Reforms are needed to stop thousands of students being silenced by universities from speaking about abuse they have faced, ministers have been warned.
Labour MP Jess Phillips (Birmingham Yardley) insisted changes are required to proposed legislation to ensure non-disclosure agreements (NDAs) or confidentiality agreements do not inhibit the freedom of speech of those affected, unless it is to protect intellectual property.
Ms Phillips read out details from an NDA given by “one of the finest universities in the world” to a woman who had been raped, in which she was threatened with expulsion if she repeatedly breached the terms of the arrangement.
Ms Phillips and Labour want changes to the Higher Education (Freedom of Speech) Bill, which has cleared the Commons but will be considered further by the Lords.
She said: “If a woman is raped on campus or a man is raped on campus, whether staff or student, under this piece of legislation currently without our amendments – and I welcome the minister saying she’ll take it away and listen and maybe do something down the other end of the building (in the House of Lords) later on in that process – but at the moment if that were to happen that person’s freedom of speech would be completely and utterly denied on campus and outside campus, and we would do nothing about it.
“And that freedom of speech surely has to mean freedom of speech for all.”
An amendment she tabled at report stage, which was not pushed to a vote, sought to allow young men, women and university staff to speak about their experiences on campus.
She said: “Currently, we’re all sitting by while that section of the community who may have been raped on campus, who may have been bullied, harassed, racially abused, can be silenced by that very institution and cannot speak about it at all.”
Ms Phillips highlighted how “brave women” had spoken out despite knowing the risks, noting: “According to one student, her university imposed a blanket gagging order on her after she alleged she was violently raped by another undergraduate.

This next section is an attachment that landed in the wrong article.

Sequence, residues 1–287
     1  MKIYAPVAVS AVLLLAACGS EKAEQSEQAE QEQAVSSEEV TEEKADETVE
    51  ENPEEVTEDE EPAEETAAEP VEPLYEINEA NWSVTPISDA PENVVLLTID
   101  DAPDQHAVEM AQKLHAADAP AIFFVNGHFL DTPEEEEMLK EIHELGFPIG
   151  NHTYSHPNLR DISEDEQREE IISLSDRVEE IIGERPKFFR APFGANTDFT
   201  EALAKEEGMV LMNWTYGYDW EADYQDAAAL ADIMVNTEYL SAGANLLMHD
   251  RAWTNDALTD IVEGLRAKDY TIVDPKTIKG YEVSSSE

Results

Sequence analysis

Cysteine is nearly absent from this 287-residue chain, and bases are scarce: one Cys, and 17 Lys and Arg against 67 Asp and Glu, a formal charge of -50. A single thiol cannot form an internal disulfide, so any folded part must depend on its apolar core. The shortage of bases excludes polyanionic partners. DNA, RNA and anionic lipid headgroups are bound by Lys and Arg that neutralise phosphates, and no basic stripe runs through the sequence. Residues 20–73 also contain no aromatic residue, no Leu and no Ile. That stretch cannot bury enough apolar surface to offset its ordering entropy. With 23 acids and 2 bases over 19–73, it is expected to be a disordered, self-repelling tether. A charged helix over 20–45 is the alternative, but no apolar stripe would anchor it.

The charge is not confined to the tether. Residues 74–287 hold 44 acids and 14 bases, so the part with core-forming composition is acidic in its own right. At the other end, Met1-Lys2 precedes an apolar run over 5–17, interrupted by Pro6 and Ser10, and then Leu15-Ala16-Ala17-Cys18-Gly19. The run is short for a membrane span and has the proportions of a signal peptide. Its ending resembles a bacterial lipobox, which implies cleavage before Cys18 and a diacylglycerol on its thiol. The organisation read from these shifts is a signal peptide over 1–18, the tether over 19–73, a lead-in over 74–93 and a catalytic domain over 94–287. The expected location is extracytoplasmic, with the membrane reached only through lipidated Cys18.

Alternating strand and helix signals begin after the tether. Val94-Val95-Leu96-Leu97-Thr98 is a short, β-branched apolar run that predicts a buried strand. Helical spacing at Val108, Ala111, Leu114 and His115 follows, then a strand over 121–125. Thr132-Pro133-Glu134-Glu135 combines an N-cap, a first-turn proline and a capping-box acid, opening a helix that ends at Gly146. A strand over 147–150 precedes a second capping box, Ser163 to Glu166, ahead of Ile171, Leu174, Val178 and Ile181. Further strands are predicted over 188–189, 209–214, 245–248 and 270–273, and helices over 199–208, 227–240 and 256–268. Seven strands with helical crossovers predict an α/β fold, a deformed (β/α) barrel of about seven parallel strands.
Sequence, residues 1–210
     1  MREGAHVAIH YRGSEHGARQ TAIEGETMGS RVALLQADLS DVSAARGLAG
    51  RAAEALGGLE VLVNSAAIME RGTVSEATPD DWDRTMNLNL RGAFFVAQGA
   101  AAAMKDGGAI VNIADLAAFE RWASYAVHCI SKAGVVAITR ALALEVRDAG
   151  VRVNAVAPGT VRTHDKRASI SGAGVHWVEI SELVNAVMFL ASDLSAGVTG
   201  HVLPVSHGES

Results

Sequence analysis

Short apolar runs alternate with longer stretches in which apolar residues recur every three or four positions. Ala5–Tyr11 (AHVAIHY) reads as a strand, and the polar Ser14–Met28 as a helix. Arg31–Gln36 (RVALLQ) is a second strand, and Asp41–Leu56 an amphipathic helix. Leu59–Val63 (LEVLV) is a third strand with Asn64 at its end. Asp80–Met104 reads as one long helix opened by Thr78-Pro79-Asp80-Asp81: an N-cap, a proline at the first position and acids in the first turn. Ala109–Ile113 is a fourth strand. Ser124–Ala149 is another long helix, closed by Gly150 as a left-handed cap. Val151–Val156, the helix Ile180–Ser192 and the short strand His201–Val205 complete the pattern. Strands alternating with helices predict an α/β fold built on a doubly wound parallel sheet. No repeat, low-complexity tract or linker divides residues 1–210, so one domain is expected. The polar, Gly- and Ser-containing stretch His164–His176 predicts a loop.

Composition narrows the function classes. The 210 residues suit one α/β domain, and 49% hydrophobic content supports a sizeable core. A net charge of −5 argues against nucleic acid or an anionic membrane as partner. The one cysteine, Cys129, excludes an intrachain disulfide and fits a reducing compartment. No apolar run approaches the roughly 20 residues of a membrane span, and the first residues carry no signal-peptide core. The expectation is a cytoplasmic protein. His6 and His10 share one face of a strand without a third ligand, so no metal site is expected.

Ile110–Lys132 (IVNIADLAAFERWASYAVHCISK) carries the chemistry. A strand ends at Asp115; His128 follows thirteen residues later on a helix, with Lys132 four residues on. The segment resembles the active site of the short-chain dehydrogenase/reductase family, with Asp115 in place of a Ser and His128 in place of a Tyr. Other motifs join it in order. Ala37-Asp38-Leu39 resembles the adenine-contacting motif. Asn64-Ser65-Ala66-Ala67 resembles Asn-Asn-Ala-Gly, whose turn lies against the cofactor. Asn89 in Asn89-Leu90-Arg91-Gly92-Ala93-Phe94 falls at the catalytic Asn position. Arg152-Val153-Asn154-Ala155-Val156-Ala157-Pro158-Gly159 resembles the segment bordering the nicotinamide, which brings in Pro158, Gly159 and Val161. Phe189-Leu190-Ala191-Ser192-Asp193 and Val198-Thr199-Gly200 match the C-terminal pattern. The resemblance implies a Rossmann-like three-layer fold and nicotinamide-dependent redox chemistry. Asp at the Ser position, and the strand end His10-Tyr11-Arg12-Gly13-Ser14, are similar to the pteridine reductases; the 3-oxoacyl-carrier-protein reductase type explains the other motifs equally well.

“It gives you a clue as to where some of these people are from because I said the word ‘college’ – most of the universities don’t say that.
“The non-disclosure agreement that was imposed, apparently the college had tried desperately to convince her not to complain and she had lost count of members of staff who tried to silence her, scare her, threaten her and undermine her.”
Ms Phillips highlighted that a BBC investigation found more than 300 NDAs were used by universities in student complaints between 2016 and 2020, and almost a third of universities in England had used such deals.
She said legislation is necessary to tackle the issue, before reading through an NDA given by a university to a woman who had been raped.
MPs heard the woman was informed her fob access to a building would be disabled and she could not enter unless for tutorials and classes notified in advance.
Ms Phillips said: “That’s a rape victim being told she has to report to a guard so that she can go to her classes.”
The document added: “Evidence of repeated breaches of this arrangement and/or a serious breach of conditions entering an embargoed building or publishing material in the press will result in your expulsion.”
Ms Phillips said: “That’s from one of the finest universities in the world. So, that is people silenced – not just their silence, but their movement, their freedom, every element of their freedom of expression being stopped, and yet there is nothing in this Bill talking about freedom of speech, freedom of expression, freedom to study freely.
“There is nothing that the Government is proposing to do and put this in legislation.”